Challenges and Considerations related to Storage Solutions

On-Prem Data Storage solutions have almost become redundant owing to the high overhead costs and scalability issues. With the emergence of cloud data warehouses a few of the challenges that stakeholders face are related to firstly vendor lock-in. Vendor lock-in risks arise as organizations commit to a specific cloud provider's ecosystem and services, potentially limiting flexibility and increasing long-term overhead costs. Sometimes, migration itself from one cloud provider to another is pretty complicated due to the data compliance and security related issues. 

Secondly, dependence on internet connectivity introduces concerns regarding latency and reliability, particularly for critical applications. To address these challenges, many organizations adopt hybrid or multi-cloud strategies. Hybrid solutions enable them to retain sensitive or critical data on-premise while leveraging the scalability and flexibility of the cloud for less sensitive workloads. On the other hand, multi-cloud strategies involve distributing workloads across multiple cloud providers to mitigate vendor lock-in risks and optimize performance, cost, and resilience. 

Emerging Trends 

After the arrival and evolution of data warehouses, the focus more or less has always been on centralizing data to eliminate data silos from the data stack as much as possible. Distinguished cloud data warehouse solutions such as Google Big Query, Snowflake, Azure Synapse have been the cloud storage partners for many organizations till now. While centralized data storage has been the top most priority for data-driven organizations, what we are witnessing today is a shift from a centralized approach to a decentralized one.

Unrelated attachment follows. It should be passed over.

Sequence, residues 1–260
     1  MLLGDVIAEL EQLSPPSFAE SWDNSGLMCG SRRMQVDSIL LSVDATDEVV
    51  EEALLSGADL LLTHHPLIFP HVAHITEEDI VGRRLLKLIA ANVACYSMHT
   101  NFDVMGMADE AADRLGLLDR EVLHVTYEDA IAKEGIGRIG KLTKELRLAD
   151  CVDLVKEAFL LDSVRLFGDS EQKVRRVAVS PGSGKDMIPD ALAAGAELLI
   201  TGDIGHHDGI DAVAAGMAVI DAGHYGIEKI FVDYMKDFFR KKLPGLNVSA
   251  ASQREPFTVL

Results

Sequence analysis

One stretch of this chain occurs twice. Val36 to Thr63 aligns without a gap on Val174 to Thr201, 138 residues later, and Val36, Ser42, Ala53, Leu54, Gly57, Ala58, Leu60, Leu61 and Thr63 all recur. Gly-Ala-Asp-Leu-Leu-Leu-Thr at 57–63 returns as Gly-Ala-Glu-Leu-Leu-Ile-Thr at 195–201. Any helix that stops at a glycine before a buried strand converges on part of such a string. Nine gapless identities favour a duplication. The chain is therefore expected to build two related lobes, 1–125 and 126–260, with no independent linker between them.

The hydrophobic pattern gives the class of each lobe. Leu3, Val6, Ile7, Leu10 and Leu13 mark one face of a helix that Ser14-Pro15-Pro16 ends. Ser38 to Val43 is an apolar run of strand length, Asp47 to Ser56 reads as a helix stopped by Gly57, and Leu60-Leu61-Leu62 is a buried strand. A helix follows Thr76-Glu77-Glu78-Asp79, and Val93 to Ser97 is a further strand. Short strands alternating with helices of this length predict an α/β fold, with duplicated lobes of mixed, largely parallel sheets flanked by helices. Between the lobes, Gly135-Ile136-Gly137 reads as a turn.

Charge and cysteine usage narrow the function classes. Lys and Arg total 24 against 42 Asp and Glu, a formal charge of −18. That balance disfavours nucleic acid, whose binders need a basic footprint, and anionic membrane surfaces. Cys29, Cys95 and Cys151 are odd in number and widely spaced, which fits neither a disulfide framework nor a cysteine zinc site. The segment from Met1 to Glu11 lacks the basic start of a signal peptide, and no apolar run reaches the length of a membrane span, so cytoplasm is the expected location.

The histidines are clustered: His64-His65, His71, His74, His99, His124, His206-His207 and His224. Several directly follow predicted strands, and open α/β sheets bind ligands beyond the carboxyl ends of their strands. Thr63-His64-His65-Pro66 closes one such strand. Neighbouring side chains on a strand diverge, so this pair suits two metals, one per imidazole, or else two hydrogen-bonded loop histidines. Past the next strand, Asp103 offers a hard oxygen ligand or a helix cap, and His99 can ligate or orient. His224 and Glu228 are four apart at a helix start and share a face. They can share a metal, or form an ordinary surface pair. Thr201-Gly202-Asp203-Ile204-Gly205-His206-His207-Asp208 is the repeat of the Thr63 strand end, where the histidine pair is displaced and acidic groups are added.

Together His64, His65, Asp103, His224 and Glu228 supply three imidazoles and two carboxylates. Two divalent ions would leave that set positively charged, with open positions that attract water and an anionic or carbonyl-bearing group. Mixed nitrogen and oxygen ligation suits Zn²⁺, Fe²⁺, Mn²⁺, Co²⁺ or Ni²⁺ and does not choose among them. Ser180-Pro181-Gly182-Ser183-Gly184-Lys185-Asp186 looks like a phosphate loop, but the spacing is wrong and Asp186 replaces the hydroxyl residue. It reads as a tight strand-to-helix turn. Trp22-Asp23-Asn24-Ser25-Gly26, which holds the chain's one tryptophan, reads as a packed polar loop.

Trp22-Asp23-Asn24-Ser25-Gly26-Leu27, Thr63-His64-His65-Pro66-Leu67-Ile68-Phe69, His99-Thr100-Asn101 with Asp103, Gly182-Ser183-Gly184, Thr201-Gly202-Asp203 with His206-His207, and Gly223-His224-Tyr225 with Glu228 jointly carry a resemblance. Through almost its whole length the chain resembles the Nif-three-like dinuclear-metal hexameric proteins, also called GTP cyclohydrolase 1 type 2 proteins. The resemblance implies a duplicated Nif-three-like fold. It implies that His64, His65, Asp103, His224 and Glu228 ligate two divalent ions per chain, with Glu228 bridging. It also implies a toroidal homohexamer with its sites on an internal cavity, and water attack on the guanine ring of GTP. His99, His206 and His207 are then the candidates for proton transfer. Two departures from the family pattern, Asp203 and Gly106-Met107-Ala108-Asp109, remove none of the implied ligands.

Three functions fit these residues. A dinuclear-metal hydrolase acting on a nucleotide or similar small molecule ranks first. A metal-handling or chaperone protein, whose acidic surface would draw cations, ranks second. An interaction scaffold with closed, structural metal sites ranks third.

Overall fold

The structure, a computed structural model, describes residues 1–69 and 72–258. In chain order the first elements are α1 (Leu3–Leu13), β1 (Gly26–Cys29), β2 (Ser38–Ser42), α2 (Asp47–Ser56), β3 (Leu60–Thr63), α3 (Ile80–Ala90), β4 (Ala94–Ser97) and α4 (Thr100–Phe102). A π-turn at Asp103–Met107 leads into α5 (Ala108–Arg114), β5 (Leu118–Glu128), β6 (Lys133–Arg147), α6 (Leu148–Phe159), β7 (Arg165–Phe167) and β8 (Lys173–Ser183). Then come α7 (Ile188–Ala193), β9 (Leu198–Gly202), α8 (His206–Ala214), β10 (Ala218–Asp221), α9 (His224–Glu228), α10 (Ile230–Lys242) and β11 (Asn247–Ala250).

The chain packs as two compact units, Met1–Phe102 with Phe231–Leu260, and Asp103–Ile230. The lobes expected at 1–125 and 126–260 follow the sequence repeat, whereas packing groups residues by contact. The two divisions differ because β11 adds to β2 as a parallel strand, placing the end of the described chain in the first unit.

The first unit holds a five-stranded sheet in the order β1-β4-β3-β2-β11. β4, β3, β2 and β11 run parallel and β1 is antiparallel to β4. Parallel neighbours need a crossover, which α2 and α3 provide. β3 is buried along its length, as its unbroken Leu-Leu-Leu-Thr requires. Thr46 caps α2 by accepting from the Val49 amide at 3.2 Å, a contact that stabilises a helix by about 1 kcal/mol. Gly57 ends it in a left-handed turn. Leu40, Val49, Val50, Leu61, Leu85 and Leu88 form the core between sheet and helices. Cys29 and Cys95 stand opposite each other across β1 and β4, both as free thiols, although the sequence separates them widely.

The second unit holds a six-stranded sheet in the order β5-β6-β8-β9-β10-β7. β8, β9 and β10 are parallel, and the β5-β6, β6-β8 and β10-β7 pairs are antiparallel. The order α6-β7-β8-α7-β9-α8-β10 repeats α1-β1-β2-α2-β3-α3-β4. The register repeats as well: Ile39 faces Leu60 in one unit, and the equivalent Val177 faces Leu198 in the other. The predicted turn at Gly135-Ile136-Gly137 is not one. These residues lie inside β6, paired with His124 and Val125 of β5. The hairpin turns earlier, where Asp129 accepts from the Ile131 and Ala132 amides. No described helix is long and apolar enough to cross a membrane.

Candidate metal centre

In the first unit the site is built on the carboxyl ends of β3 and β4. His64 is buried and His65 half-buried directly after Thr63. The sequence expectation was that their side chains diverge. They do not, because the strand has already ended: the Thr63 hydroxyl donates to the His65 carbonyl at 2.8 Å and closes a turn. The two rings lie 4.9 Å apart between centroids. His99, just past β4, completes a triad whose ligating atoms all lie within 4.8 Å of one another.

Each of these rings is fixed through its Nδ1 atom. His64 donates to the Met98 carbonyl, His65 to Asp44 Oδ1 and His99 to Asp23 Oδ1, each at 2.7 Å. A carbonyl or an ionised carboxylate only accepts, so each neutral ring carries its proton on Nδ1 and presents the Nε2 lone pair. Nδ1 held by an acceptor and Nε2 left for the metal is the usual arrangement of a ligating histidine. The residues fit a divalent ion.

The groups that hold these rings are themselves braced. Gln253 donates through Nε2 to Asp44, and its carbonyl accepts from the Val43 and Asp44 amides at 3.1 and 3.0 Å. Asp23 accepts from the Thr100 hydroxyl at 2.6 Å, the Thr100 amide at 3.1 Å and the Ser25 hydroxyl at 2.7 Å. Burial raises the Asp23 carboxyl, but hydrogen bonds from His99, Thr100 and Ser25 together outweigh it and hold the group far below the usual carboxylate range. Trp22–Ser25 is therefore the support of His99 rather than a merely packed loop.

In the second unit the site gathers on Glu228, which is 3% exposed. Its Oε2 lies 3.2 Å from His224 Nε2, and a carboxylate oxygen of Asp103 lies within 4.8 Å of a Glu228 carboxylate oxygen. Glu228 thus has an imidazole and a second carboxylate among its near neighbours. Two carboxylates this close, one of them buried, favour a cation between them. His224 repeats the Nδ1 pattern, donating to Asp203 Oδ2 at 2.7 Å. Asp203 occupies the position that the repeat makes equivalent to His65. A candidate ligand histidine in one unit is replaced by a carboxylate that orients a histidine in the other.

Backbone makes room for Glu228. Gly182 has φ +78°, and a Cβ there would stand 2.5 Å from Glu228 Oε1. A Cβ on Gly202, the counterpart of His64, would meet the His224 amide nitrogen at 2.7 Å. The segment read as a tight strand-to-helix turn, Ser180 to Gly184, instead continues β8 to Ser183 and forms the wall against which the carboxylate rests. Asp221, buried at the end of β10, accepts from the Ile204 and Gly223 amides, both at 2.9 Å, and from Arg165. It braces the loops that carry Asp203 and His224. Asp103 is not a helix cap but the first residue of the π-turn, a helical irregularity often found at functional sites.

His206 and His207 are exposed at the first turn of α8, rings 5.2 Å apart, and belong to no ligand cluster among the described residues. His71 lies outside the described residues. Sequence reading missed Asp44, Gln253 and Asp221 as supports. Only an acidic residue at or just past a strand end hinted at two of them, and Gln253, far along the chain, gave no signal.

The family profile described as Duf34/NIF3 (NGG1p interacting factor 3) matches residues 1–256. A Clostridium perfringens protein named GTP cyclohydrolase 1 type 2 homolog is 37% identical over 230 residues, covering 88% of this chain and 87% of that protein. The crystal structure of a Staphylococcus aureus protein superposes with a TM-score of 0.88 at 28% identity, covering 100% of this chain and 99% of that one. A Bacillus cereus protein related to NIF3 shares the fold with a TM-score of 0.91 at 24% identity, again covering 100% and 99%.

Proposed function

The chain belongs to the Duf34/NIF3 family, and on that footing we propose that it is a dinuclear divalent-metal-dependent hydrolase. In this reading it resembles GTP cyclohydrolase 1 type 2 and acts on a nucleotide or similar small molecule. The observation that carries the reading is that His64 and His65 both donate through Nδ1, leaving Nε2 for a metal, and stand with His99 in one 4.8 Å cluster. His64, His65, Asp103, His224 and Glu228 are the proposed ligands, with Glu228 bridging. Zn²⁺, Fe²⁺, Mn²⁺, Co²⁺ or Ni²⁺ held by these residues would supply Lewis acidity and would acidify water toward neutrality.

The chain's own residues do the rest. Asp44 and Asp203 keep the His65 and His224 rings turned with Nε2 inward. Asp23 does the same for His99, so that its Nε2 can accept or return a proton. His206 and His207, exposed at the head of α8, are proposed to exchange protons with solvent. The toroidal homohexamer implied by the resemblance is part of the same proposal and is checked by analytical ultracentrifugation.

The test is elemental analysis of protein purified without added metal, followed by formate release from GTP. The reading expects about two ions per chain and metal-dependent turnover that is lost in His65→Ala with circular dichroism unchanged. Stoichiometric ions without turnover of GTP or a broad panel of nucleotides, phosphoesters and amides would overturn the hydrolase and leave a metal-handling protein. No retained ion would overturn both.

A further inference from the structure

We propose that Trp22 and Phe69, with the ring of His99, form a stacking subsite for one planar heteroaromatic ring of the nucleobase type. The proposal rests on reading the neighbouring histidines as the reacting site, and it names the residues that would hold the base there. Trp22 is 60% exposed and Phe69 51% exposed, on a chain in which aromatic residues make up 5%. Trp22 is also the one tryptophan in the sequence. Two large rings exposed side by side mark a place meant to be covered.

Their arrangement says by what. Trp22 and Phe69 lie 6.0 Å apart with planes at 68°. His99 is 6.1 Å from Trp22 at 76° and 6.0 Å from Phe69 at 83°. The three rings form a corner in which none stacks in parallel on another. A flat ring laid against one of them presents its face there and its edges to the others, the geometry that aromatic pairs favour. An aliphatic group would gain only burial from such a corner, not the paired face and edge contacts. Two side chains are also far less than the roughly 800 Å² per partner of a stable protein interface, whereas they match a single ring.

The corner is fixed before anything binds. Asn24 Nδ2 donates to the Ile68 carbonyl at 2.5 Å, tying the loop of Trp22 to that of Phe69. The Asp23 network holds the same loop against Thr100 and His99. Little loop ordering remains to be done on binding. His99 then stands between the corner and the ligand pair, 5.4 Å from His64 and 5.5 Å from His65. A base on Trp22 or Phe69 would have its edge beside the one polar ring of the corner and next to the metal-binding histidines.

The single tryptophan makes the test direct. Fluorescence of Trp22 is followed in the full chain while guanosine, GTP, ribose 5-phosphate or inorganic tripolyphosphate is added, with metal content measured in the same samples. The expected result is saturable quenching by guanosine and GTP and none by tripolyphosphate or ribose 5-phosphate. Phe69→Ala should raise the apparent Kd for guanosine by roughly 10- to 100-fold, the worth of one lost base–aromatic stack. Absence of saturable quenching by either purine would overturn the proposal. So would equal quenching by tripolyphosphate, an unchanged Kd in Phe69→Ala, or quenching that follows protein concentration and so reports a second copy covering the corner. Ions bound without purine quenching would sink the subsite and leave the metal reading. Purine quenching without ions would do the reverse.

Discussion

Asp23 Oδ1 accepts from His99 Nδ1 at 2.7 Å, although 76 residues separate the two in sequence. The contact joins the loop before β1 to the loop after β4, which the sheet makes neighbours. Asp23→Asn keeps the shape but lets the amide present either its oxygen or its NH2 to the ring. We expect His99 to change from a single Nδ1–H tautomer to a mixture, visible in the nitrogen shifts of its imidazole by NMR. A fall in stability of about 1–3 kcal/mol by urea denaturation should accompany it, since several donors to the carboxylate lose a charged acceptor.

Decentralization in the sense that with the data being generated rapidly with ever evolving businesses’ data needs and requirements, creating a single version of truth becomes challenging. Thus, instead of relying on a central source of truth businesses rely on a more organized or decentralized approach i.e, data residing in  data lakes, lake houses, cloud data warehouses, and on-premises (along with non-relational) databases, etc.

This decentralized approach is going to mark a new paradigm shift in the data centralization landscape. The hurdle that persists now is to adopt new technologies and tools that enable businesses to manage data in a much more efficient way while ensuring data governance and security compliance similar to centralized data solutions. 

Along with decentralization, one of the most prominent emerging trends relies on Real-time data integration. Unlike traditional/ batch processing that businesses used to rely on for uncovering crucial data insights, there has been a marked increase in real-time data integration. This becomes especially important for eCommerce businesses where customer touchpoints need to be updated on a much more nuanced level to keep up with changing customer preferences. Real-time data integration helps enable real-time analytics while also powering efficient reporting and data backed decision making.

Machine learning and Artificial Intelligence have also become an integral part of businesses today, more and more businesses across the globe have started incorporating ML/AI into their day-to-day operations and activities. ML/AI plays an important role when it comes to forecasting and predictive analytics  be it eCommerce, finance, driverless driving, etc. However, these machine learning models need to be trained on reliable historical data without compromising on any user’s private or sensitive information, and that’s where the nitty gritty of secure data integration comes into play.

To learn more about data centralization and how you can unlock unparalleled insights & accessibility, schedule a demo or consider a trial with DataChannel..